Bake Club: Brioche

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Bake Club: Brioche

Yield: Makes 1 loaf



1 packet active dry yeast

⅓ cup + 1 tablespoon water, warmed to “bath” temperature

1 tablespoon sugar

4 ea large eggs, out of the fridge

3 cups flour (half bread flour if you have it!)

3 tablespoons sugar

2 teaspoons salt

12 Tablespoons butter, out of the fridge, cut into small pieces (1 ½ sticks)

1 ea large egg for egg wash



+stand mixer is a MUST in this recipe (the heat of your hands will melt all the butter in the recipe otherwise!)



In the bowl of a stand mixer, whisk together yeast and warm water until yeast is dissolved and bubbly. Whisk in 1 tablespoon of sugar, stirring until dissolved. Let mixture sit a few minutes to “wake up”

Whisk in the eggs until combined. Add the flour,  the remaining 3 tablespoons of sugar and salt with the dough hook in hand, bring the mixture together to a shaggy state. Secure the bowl on the mixer with the dough hook attachment and mix on low speed until the mixture comes together into a clean mass of dough, about 2 minutes.

Set a timer for 7 minutes and allow the dough to continue kneading on low speed for the entire time to maximize gluten development.

At 7 minutes, begin adding the butter pieces, a few at a time, being sure pieces are incorporated before adding more. This takes 10-15 additional minutes. The dough will begin crawling up the hook and/or stick to the sides of the wall. In either case, turn off the mixter and scrape down before continuing on. I usually have to stop and scrape down 5-7 times. Once all of the butter is fully incorporated, the dough will be consistently rich in a yellow/orange color, glossy from the eggs and butter, and also a bit “sticky” to the eye and touch. (If you’re concerned about gluten formation, pull a small ball away from the dough mass and stretch it out into a spider web thinness to observe gluten strands. I’ll show you this as we bake together!)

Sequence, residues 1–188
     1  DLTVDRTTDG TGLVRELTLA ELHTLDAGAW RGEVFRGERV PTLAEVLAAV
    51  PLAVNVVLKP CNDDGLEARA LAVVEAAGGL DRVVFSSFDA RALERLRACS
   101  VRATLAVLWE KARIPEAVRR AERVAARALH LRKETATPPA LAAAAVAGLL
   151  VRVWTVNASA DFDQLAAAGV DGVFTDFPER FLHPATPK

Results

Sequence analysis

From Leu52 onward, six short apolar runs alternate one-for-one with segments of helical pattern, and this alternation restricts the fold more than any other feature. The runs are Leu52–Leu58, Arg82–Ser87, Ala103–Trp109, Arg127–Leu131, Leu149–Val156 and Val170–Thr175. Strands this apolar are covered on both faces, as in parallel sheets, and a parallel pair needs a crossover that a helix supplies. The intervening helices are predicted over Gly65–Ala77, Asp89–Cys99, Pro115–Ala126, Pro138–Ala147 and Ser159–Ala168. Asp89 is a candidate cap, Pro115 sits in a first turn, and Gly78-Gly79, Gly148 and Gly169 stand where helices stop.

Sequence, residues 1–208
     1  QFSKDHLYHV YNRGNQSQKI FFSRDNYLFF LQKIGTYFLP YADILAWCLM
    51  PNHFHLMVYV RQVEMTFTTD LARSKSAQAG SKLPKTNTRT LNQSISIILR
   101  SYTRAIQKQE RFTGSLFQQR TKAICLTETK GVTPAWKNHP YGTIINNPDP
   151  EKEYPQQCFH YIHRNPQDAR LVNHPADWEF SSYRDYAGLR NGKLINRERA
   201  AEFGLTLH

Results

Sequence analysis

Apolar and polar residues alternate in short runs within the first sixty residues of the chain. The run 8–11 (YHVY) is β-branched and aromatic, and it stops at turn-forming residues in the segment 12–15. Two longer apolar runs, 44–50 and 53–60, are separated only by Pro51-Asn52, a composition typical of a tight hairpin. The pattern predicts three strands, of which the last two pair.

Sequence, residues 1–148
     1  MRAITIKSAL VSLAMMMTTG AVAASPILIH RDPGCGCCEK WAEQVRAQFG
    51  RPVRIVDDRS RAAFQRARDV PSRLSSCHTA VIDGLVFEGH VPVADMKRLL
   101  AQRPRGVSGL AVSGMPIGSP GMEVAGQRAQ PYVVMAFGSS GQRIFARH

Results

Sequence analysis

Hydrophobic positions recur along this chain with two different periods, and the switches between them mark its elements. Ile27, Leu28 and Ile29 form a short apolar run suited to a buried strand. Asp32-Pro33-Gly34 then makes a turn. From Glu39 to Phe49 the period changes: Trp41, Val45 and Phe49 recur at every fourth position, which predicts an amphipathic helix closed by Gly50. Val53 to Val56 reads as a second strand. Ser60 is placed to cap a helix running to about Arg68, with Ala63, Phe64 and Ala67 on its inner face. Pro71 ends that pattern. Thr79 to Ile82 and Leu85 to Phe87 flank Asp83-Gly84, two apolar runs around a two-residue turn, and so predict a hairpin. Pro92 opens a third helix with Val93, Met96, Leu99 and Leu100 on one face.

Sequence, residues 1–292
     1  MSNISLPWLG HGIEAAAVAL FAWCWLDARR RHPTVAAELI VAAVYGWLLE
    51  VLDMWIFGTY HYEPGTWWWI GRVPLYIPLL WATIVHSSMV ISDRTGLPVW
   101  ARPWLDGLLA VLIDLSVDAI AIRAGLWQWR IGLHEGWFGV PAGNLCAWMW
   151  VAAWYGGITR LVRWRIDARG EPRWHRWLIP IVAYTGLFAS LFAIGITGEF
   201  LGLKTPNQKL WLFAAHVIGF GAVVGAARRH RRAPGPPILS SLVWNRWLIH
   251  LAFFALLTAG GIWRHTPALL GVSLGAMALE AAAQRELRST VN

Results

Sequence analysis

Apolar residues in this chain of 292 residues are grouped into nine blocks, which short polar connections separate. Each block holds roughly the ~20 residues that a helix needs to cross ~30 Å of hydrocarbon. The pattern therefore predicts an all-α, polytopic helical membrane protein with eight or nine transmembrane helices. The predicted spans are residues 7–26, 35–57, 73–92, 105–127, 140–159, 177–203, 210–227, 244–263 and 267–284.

Lightly grease a medium bowl with oil or the butter paper and knock the brioche dough out into it. Cover with plastic and refrigerate 12 hours for flavor development and easy handling. I call this “overnight”, but feel free to split over an am/pm baking sesh.

On day 2, grease and flour a 1-lb loaf pan. Knock the dough out onto a clean and lightly floured surface. With a rolling pin, roll the dough out into a 8x5-inch rectangle (longwise facing you), then roll the dough up (think cinnamon bun technique!) into a perfectly eggy, buttery log.

Tuck the tails of the log and place dough prepped pan, seam down. Cover with a towel or the same plastic wrap from the fridge and place in microwave on off for 2 hours where the dough will rise above the pan (but not double in size like traditional bread dough).

Heat the oven to 375F (this bread’s calling card includes a very toasty brown ring round its edge) and make sure you have a single rack ready that’s not too close to the bottom or top heat source of your oven. Whisk an additional egg with a splash of water to make egg wash and brush or massage the surface of the dough loaf with the mixture (this will produce the most marvelous glossy shine out of the oven!) and bake loaf for 60 minutes (or internal temp 195-200F). 50 minutes in, when the bread is close to finished, I like to carefully remove it from the pan and knock on it- looking for a hollow sound like choosing a cantaloupe and leave the loaf to finish its final 10 minutes out of it’s pan.

Cool loaf out of pan completely, 6 hours or so, before slicing or wrapping to share. If you cut in too soon, the steam still trapped inside will make the bread gummy, or wrap it too soon and the steam will make the outer crust soggy.


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